Drift | Pesticide Action Network
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Drift

Linda Wells's picture

Driftcatching with Iowa farmers

On a rainy day in Iowa last month, I found myself crowded into a small building perched on the Mustard Seed Community Farm near Ames. I was joined by PAN's new staff scientist, Emily Marquez, and we were honored to teach a group of local farmers how to use the PAN Drift Catcher.

The training took place at a field day hosted by Practical Farmers of Iowa (PFI), and despite the downpour, we had a productive and fascinating afternoon.

Linda Wells
Linda Wells's picture

Minnesota communities find pesticides in their air

Today Pesticide Action Network (PAN) is releasing Pesticide Drift Monitoring in Minnesota, a report that documents multiple pesticides in the air near homes and farms throughout Central Minnesota. This report is the result of diligent, on-the-ground monitoring by a group of citizens who have directly experienced harm from pesticide exposure — and are refusing to let it continue.

Since joining PAN earlier this year, collaborating with this group of farmers and rural residents has been my absolute favorite work. Their persistence in shining a light on pesticide exposure in their communities has both given me hope and shown me the severity — and urgency — of the problem. 

Linda Wells
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7,000 thank-you notes for farmer Oluf

Last month, we introduced PAN supporters to Oluf and Debra Johnson, the organic farmers in Minnesota who have been fighting to protect their crops from pesticide drift for over a decade. We asked the PAN community to help us thank the Johnsons for their courageous perseverance in the face of adversity.

This week our Midwest organizer, Linda Wells, visited the Johnson farm and delivered a book for Oluf and Debra made up of the more than 7,000 signatures and individual thank-you notes from PAN supporters. The couple was beyond grateful. 

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Rural families take on fumigant pesticides

A group of rural Californians made the trek to Sacramento Tuesday morning to tell lawmakers just how concerned they are about their families being exposed to cancer-causing soil fumigant pesticides.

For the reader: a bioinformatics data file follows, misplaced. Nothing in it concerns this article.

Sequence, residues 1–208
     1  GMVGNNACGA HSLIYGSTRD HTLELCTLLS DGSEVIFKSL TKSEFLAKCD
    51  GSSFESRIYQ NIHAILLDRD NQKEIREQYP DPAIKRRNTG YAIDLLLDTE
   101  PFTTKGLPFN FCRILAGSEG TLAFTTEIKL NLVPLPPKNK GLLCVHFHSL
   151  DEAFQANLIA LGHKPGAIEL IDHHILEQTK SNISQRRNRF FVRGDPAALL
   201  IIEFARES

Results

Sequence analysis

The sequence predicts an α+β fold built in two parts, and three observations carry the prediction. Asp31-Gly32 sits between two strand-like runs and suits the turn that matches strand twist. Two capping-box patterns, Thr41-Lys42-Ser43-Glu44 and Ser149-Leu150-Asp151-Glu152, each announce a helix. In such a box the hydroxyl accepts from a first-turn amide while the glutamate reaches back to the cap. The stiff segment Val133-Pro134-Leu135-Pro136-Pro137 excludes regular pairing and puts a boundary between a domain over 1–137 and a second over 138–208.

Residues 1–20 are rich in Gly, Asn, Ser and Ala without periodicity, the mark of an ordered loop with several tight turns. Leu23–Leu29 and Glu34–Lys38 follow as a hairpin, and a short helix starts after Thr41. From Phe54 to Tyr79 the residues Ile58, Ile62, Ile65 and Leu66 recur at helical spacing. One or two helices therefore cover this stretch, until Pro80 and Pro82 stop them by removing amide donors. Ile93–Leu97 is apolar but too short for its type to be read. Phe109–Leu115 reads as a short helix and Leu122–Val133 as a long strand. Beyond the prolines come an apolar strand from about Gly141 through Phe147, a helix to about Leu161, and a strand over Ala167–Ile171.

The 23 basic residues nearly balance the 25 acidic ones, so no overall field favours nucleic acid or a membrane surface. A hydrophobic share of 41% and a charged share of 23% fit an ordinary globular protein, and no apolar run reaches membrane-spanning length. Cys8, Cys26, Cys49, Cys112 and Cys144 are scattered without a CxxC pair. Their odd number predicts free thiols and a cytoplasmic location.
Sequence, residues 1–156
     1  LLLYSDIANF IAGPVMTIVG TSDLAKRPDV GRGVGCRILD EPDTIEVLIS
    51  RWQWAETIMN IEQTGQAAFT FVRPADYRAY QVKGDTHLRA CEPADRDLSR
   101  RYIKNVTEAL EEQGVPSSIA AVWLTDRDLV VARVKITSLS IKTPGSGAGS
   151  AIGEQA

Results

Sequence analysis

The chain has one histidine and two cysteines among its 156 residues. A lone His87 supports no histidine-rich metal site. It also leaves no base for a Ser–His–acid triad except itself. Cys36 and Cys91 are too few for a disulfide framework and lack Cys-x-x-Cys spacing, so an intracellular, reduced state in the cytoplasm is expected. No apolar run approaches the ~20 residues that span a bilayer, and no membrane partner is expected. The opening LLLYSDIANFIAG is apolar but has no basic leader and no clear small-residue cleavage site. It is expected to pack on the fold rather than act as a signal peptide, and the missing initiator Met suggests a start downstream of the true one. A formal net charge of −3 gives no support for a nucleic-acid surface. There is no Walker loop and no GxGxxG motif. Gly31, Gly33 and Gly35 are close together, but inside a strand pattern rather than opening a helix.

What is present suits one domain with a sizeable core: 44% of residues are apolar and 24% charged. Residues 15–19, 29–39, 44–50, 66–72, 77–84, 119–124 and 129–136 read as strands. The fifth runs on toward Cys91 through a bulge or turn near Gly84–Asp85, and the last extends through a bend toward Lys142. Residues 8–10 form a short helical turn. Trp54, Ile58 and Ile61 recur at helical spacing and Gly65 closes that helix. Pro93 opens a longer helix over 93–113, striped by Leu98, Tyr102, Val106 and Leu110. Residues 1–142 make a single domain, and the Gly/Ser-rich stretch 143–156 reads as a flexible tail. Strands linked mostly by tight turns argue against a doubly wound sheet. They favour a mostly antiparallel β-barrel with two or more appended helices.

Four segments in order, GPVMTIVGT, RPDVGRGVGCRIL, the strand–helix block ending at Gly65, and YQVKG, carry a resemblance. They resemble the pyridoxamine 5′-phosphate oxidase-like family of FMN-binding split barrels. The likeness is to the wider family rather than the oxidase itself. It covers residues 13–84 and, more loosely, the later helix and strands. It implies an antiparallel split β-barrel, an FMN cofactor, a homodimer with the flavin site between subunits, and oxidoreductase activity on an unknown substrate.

Many people in Tehama county live just feet from where fumigant pesticides are routinely applied. At the state capitol, community members presented officials with data showing high levels of a carginogenic fumigant pesticide detected in yards neighboring one of these fields.

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Teresa DeAnda's picture

Guest Blog: Toxic treadmill testimony

PAN is collecting messages for the Big 6 pesticide/biotech corporations that keep the global food system on a toxic treadmill. Here's one from an ally in California's central valley:

I have lived in Earlimart my whole life. I guess my family and neighbors are the poster children of what can go wrong when you grow up around pesticide applications. 

Before they were table grapes, now they are almond trees. Both these crops use very many applications of bad actor pesticides that can cause cancer, reproductive and nervous system damaging illnesses.

Always we just would accept the spray.

Teresa DeAnda
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Drifting pesticides linked to prostate cancer

Men who live in neighborhoods that experience pesticide drift are 1.5 times more likely to develop prostate cancer.

This is what scientists found in a one-of-a-kind study that compares rates of the cancer among men who lived near agricultural fields where methyl bromide, captan or organochlorine insecticides were applied with those who lived farther from drifting pesticides.

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Pesticides found guilty of 'chemical trespass,' again

Whether they are sprayed from planes or injected into the soil, pesticides don’t recognize fences or property lines. But pesticide users are, again, being forced to pay property owners for damage caused by airborne drift when they cross those lines.

According to a decision handed down July 26 by a Minnesota court, organic farmers who are victims of this “trespass” are entitled to compensation for pesticide contamination.

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Karl Tupper's picture

Blowin' in the wind (aka Drift)

It seems like a no-brainer: If you happen to live or work or go to school across the street from a field or orchard where pesticides are sprayed, you might think, "Maybe I'm breathing some of these pesticides." Especially when the wind blows from the field towards you. Especially when you can smell the pesticides. And you might also think, "Maybe this isn't good for me." Especially when the guys applying the pesticides are wearing Tyvek spacesuits. Especially if you start feeling ill.

And you'd be right to think these thoughts, even though most growers and pesticide applicators will tell you that you're crazy and have nothing to worry about. For years PAN's been working with concerned communities to show that these exposures are real and need to be taken seriously. And now a new study by scientists from the National Institute for Occupational Safety and Health and various states' Departments of Health, corroborates what we've been saying all along.

Karl Tupper

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